Promising research suggests that meditation may improve your heart’s recovery from stress as demonstrated by improved Heart Rate Variability (HRV). First it is important to understand how stress affects the heart and then you can use that information to enhance your mental and physical health.
How Does Stress Affect Your Heart
Chances are you heard that stress is bad for your health. In fact, extreme stress can lead to a dangerous condition known as “Broken Heart Syndrome” (also known as Takotsubo Cardiomyopathy). The Mayo clinic describes Broken Heart Syndrome as a temporary disruption of healthy blood flow to the heart that in many ways feels like a heart attack. Common triggers include death of a loved one, extreme stress, trauma, and illness. Some speculate that Broken Heart Syndrome may have been a contributing factor in Debbie Reynolds’ 2016 death following the death of her daughter Carrie Fisher.
Broken Heart Syndrome is rare, most of the time stress causes more gradual damage to the heart and the body. However, the existence of this condition demonstrates the profound influence stress has on the heart.
If you previously read about Heart Rate Variability (HRV), then you probably realize the heart doesn’t beat in a steady evenly-paced pattern like a metronome. There is a constant balancing act between the the sympathetic nervous system and the parasympathetic nervous system. The sympathetic nervous system is part of our “fight or flight” response that kicks in during stressful situations.
Immediately, the heart rate spikes in reaction to exertion or stress-provoking thoughts. Prolonged stress decreases HRV. However, taking care of oneself, maintaining a high level of fitness, and stress management techniques all help improve HRV. Meditation is one technique that may help improve HRV in both the short term and long-term. The end goal is not just to increase HRV, but it is to help the body better recover from stress related damages.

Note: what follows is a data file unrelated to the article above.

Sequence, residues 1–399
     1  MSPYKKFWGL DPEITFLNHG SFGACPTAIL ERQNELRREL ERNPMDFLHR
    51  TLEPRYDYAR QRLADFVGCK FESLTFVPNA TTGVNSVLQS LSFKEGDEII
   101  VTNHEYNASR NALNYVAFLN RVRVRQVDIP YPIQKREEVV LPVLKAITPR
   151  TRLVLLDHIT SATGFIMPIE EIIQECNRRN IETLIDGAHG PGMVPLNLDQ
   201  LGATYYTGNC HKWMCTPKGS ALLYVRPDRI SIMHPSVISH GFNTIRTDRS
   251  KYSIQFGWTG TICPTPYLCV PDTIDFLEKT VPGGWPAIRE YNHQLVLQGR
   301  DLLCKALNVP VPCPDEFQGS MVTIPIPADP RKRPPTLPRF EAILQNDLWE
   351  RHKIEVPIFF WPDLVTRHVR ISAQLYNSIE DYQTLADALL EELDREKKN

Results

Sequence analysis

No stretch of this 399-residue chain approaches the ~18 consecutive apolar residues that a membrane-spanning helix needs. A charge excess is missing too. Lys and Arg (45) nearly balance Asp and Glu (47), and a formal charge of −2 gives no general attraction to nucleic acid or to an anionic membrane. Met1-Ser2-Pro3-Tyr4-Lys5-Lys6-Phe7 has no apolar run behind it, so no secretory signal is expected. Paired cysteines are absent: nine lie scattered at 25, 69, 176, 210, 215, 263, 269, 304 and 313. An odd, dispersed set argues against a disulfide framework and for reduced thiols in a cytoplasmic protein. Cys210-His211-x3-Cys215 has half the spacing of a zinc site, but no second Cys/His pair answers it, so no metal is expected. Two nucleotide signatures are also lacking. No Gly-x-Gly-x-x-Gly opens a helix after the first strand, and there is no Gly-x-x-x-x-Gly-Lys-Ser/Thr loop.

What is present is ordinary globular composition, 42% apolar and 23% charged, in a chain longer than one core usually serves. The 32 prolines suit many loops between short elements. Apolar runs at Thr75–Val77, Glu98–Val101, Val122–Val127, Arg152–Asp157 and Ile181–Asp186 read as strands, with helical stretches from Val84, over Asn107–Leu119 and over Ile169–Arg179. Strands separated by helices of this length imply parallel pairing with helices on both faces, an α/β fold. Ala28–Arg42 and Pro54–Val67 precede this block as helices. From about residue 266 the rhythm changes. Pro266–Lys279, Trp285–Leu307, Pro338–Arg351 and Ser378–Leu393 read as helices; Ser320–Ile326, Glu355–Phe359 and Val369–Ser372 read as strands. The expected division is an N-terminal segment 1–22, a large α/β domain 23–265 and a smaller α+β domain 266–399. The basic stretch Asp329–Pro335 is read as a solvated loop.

How Meditation May Help Boost Your HRV
Breath temporarily alters HRV but until recently the longer term effect of meditation on HRV wasn’t well-studied.
A VU University Amsterdam study compared the results from a vigorous exercise program, a mindfulness meditation practice, and a heart rate variability biofeedback practice. The researchers found that members of each group reported “reduced stress, anxiety and depressive symptoms, and improved psychological well-being and sleep quality.” After completing the five-week study, researchers concluded all three methods appear to work equally well as stress management management. The study didn’t include a mixture of regular exercise and meditation or biofeedback.
The researchers approached the study with an expectation that all three activities are beneficial. Due to lack of prior research they were not sure which would prove most effective.
“However, one could speculate that MM (mindfulness meditation) and HRV-BF (HRV guided biofeedback) may be more similar to each other in terms of outcomes than to PA (vigorous physical activity), because both techniques use the focusing of attention and a calm breathing pattern in their exercises.” – Researchers VU University Amsterdam study.
A Yale University School of Medicine study indicated that smokers who participate in a mindfulness meditation practice ended up smoking fewer cigarettes and their HRV improved. Researchers tracked baseline HRV as well as used HRV for biofeedback during meditation. Of course, it may be a chicken or egg scenario. It isn’t known whether the HRV improved due to smoking less or due to meditation. However the study indicated that the mindfulness practice may have helped.
Tips To Get Started
- You don’t need extensive meditation training to benefit. The Yale study found little difference between participants who received extensive meditation training and those who simply followed an guided meditation.
- You don’t need to spend a lot of time. The meditation groups from the University Amsterdam study built up to 20 minutes a day, they started with 10 minutes a day.
- Various apps and audio programs make it easy to get started even if you haven’t learned sophisticated breathing and meditation techniques. If you have a preferred form of meditation, that is always an option.
Techniques like yoga, deep breathing exercises, and meditation can mitigate the consequences of stress. These techniques may also help you recover from a vigorous fitness routine.
Sources & Resources
“Physical Activity, Mindfulness Meditation, Or Heart Rate Variability Biofeedback For Stress Reduction: A Randomized Controlled Trial” by Judith Esi van der Zwan, Wieke de Vente, Anja C. Huizink, Susan M. Bögels, and Esther I. de Bruin froom Applied Psychophysiol Biofeedback.
“Meditation-induced Changes In High-frequency Heart Rate Variability Predict Smoking Outcomes” by Daniel J. Libby, Patrick D. Worhunsky, Corey E. Pilver and Judson A. Brewer from Frontiers in Human Neuroscience.